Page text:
David Lazer, Ryan Kennedy, Gary King, and Alessandro Vespignani. 2014. “The Parable of Google Flu: Traps in Big Data Analysis.” Science, 343, 14 March, Pp. 1203-1205. Publisher's Version Copy at https://tinyurl.com/y8q5wmk5
Abstract:Large errors in flu prediction were largely avoidable, which offers lessons for the use of big data.
In February 2013, Google Flu Trends (GFT) made headlines but not for a reason that Google executives or the creators of the flu tracking system would have hoped. Nature reported that GFT was predicting more than double the proportion of doctor visits for influenza-like illness (ILI) than the Centers for Disease Control and Prevention (CDC), which bases its estimates on surveillance reports from laboratories across the United States ( 1, 2). This happened despite the fact that GFT was built to predict CDC reports. Given that GFT is often held up as an exemplary use of big data ( 3, 4), what lessons can we draw from this error?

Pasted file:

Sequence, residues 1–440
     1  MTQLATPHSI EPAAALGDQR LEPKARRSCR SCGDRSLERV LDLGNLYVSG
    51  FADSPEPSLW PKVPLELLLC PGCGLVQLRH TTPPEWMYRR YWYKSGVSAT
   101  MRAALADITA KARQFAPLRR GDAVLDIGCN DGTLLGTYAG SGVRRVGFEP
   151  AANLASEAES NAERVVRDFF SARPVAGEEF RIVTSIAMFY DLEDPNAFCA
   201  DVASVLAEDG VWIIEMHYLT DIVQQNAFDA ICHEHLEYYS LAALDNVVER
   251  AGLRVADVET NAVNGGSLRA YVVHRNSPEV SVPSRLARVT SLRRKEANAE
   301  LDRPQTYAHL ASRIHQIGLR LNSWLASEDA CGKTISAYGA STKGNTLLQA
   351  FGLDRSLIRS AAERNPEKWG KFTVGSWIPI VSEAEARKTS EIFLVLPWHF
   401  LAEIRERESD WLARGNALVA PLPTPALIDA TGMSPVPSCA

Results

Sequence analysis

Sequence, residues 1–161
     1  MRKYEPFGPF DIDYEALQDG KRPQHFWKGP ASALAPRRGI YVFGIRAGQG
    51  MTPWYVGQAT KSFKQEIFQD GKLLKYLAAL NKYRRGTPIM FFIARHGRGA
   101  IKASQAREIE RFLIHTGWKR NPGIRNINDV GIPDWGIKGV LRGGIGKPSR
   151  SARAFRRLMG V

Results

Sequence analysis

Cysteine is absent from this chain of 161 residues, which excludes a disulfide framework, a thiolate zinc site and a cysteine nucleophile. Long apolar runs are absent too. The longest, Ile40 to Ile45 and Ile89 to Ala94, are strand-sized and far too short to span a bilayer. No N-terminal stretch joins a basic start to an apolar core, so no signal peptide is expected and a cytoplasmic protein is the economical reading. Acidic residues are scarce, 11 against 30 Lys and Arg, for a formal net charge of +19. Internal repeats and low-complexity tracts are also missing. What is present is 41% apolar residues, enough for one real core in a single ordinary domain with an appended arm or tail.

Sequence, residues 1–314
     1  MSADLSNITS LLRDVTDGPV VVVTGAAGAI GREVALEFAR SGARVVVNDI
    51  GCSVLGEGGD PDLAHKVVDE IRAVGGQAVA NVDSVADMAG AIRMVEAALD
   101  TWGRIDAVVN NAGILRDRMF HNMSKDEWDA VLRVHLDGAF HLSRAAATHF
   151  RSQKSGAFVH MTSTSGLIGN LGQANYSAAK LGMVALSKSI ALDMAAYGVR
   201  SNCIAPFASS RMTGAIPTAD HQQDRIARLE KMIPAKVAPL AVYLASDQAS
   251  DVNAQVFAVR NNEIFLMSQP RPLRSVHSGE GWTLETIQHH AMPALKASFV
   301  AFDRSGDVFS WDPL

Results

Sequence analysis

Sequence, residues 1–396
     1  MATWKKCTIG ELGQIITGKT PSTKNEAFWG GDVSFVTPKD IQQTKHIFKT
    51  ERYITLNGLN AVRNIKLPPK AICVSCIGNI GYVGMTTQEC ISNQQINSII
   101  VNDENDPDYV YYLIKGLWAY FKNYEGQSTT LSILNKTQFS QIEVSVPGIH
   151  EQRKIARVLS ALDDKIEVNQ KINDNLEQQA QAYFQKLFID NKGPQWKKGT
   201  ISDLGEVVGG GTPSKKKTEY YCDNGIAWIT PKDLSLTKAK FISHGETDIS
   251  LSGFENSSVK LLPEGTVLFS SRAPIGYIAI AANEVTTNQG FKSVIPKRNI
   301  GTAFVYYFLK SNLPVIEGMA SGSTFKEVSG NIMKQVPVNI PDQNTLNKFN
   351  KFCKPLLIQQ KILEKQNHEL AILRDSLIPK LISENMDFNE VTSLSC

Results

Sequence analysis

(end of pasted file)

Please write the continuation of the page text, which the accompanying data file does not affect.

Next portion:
See also "Google Flu Trends Still Appears Sick: An Evaluation of the 2013‐2014 Flu Season"